Mayor Tishaura Jones pledges $150 million in federal aid to north St. Louis
Saying the city had a “once-in-a-lifetime opportunity” to begin reversing decades of intentional neglect, St. Louis Mayor Tishaura Jones pledged to invest $150 million in federal coronavirus relief funds in the city’s north side.
“It’s time to begin bridging the racial wealth gap that splits our city in two,” Jones told the crowd gathered for her first State of the City address at Harris-Stowe State University on Tuesday night. “It’s time to put St. Louis on the road to economic justice.”
The $150 million represents 60% of the city's remaining allocation from the federal American Rescue Plan Act. Though the exact details of how Jones would spend the money were not released, she outlined three pillars that would guide the investment — economic empowerment, reform of development incentives and neighborhood transformation. Details of the spending are expected Wednesday.
She said cooperation would be at the center of everything.
“Reversing decades of intentional neglect cannot be the burden of government alone,” Jones said. “It will take every single one of us — community, labor, faith, business, our philanthropic partners, our universities — to leverage this $150 million and magnify its impact.”
Using federal funds in north St. Louis has been a point of contention between Jones and Board of Aldermen President Lewis Reed. Jones had initially vetoed $37 million in grants for north city businesses, based on concerns that the money could not be used that way. When the federal government issued new guidance, Jones dropped her opposition.
Reed was invited, but did not attend, the speech Tuesday night. He said in a statement afterward that while the “proposal lacks specifics and dollars, it’s good to hear Mayor Jones finally make a verbal commitment to giving the people of North St. Louis the help they so desperately need. From the beginning, this has been a clear priority of the Board of Aldermen.”
The north side plan was not the only investment Jones pledged to make in the city. She expressed her support for a guaranteed basic income, which provides a set amount of money each month to individuals who meet certain economic guidelines.
St. Louis, Jones said, needs to join the ranks of cities that are “lifting families out of poverty by giving them the support they need to do so, and trusting them to know what’s best.”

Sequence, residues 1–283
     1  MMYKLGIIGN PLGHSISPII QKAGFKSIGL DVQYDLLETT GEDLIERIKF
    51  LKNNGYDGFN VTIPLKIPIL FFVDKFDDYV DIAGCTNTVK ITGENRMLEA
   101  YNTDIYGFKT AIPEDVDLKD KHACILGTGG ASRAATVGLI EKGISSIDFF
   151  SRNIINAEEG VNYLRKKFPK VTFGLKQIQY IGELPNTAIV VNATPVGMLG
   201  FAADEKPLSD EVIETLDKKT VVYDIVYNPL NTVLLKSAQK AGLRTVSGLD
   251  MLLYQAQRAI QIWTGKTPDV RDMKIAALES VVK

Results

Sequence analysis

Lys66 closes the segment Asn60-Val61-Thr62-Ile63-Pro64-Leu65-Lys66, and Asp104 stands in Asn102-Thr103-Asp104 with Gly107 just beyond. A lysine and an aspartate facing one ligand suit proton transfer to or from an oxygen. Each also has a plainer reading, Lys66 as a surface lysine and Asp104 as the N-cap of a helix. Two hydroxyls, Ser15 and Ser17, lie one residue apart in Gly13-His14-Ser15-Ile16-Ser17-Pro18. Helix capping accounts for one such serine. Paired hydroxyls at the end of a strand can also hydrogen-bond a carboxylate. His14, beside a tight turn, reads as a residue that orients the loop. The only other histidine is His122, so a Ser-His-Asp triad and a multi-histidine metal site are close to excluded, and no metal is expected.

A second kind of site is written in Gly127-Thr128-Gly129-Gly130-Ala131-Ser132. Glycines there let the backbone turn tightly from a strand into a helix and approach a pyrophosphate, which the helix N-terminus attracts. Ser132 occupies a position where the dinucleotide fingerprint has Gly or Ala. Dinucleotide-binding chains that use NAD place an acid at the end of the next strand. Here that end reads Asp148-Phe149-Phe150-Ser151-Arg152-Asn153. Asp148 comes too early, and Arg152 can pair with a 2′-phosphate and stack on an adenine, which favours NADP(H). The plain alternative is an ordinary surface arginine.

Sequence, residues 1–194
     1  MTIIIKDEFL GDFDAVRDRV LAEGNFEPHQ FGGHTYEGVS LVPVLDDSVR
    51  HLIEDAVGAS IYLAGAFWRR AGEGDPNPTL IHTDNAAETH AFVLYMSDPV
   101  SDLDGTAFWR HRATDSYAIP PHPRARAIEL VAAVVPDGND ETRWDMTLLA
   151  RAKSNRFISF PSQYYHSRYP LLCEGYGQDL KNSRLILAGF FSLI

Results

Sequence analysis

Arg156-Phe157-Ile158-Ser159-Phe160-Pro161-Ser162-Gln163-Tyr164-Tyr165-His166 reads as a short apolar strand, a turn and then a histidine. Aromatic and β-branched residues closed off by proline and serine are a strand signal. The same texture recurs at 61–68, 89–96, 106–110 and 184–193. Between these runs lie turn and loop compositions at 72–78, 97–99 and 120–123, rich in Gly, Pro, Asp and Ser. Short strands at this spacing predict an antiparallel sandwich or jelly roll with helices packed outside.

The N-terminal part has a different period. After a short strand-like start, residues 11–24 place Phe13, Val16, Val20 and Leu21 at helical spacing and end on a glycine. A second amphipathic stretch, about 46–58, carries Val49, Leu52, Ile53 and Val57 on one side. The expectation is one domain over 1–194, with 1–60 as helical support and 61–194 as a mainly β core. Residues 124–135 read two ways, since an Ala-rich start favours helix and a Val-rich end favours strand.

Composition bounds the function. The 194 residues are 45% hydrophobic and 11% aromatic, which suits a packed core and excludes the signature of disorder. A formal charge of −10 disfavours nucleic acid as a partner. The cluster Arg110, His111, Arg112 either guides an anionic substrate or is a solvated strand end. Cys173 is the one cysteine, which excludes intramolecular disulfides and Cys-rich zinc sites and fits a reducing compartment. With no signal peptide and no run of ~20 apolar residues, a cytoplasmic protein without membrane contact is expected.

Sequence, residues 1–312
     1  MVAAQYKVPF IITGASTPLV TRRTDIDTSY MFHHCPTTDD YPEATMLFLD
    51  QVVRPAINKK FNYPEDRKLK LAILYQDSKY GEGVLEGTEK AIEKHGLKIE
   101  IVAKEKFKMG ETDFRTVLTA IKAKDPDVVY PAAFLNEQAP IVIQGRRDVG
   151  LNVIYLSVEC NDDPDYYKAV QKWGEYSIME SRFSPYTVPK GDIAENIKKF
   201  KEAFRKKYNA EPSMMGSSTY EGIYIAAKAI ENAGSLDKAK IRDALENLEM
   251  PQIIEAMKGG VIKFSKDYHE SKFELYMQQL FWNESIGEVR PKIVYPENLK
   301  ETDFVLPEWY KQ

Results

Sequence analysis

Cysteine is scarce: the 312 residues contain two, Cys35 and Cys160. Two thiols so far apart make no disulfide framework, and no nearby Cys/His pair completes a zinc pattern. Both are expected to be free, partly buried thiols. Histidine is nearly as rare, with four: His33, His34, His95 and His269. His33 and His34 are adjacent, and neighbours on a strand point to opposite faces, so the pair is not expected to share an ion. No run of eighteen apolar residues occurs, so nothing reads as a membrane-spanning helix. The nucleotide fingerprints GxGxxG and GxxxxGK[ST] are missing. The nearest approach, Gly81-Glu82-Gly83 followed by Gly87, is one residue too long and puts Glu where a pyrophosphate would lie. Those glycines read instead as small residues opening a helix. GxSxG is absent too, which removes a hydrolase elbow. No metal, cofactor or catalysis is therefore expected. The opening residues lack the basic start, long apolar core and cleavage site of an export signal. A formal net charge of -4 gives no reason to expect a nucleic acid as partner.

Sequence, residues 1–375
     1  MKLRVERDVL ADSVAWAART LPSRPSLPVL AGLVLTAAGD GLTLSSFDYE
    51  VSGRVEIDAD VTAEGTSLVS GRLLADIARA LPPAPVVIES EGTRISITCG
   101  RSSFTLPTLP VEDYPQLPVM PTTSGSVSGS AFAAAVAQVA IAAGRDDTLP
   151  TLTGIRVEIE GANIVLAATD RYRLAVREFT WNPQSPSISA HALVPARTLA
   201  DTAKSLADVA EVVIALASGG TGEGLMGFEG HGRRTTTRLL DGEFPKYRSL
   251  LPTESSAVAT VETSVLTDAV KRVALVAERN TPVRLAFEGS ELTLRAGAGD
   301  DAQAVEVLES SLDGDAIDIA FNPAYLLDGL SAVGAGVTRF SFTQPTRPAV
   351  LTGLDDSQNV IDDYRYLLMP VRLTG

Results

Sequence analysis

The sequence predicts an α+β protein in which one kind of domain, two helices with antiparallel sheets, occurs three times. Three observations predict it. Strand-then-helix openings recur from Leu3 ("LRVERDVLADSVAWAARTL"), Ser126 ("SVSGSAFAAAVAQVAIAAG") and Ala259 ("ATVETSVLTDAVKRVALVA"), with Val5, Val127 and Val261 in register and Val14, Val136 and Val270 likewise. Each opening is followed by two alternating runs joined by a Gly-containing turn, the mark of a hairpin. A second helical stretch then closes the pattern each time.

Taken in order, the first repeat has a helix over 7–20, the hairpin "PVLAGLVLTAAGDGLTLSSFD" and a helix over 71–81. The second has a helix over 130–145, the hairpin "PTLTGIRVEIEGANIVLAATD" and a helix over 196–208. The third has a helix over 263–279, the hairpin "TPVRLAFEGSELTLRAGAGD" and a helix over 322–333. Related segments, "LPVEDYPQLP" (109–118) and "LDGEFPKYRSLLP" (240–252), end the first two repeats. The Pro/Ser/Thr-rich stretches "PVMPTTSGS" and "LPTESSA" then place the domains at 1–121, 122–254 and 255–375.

“That’s not radical,” she said.
Jones also promised a 3% raise for city employees, on top of their regular yearly increases, as well as $1 million in paid family leave.
“And while ARPA funds cannot be used to fund salaries, I am proposing retention incentives to help us retain our workforce as well,” she said. “If we want to improve city services — fill our potholes, trim our trees, empty our trash — we need to not just hire, but also retain, city employees.”
Jones ran on a promise to transform public safety, and on Tuesday night she ran down a list of accomplishments she said she had achieved in that area.
Homicides were down between 2020 and 2021, she said, and funding for the north St. Louis jail known as the Workhouse was removed from the budget. When repairs are finished on the downtown facility, Jones said, she’ll be looking for community input on how to reuse the Workhouse property. She also touted the success of a program that sends social workers to certain 911 calls.
To continue the progress, Jones wants to create an Office of Violence Prevention “to marshal all of the community, alternative response, and enforcement resources at our disposal to improve public safety, and improve the relationship between police and our communities.”
Police Chief John Hayden called the mayor’s vision “doable.”
“It adds the right professional to the problem,” he said. “I’m optimistic about all of it.”
Much of the spending Jones promised will be part of her fiscal 2023 budget, which she’ll outline Wednesday to a board that oversees city spending. It will then go to the Board of Aldermen, which has the authority to make some changes.
Though the relationship between Reed and Jones has been rocky at times, 8th Ward Alderwoman Annie Rice, a supporter of the mayor, said the suggestions in the proposals deserved real consideration by the board.
“We’re all here to serve the city to the best of our capability,” she said of her colleagues. “It behooves us all to work together to get to these outcomes. We’re talking about pay for our city employees, and investing all the rest of this money that’s coming towards us in a way that makes an impact for future generations.”
Follow Rachel on Twitter: @rlippmann
Follow Rachel on Twitter: @rlippmann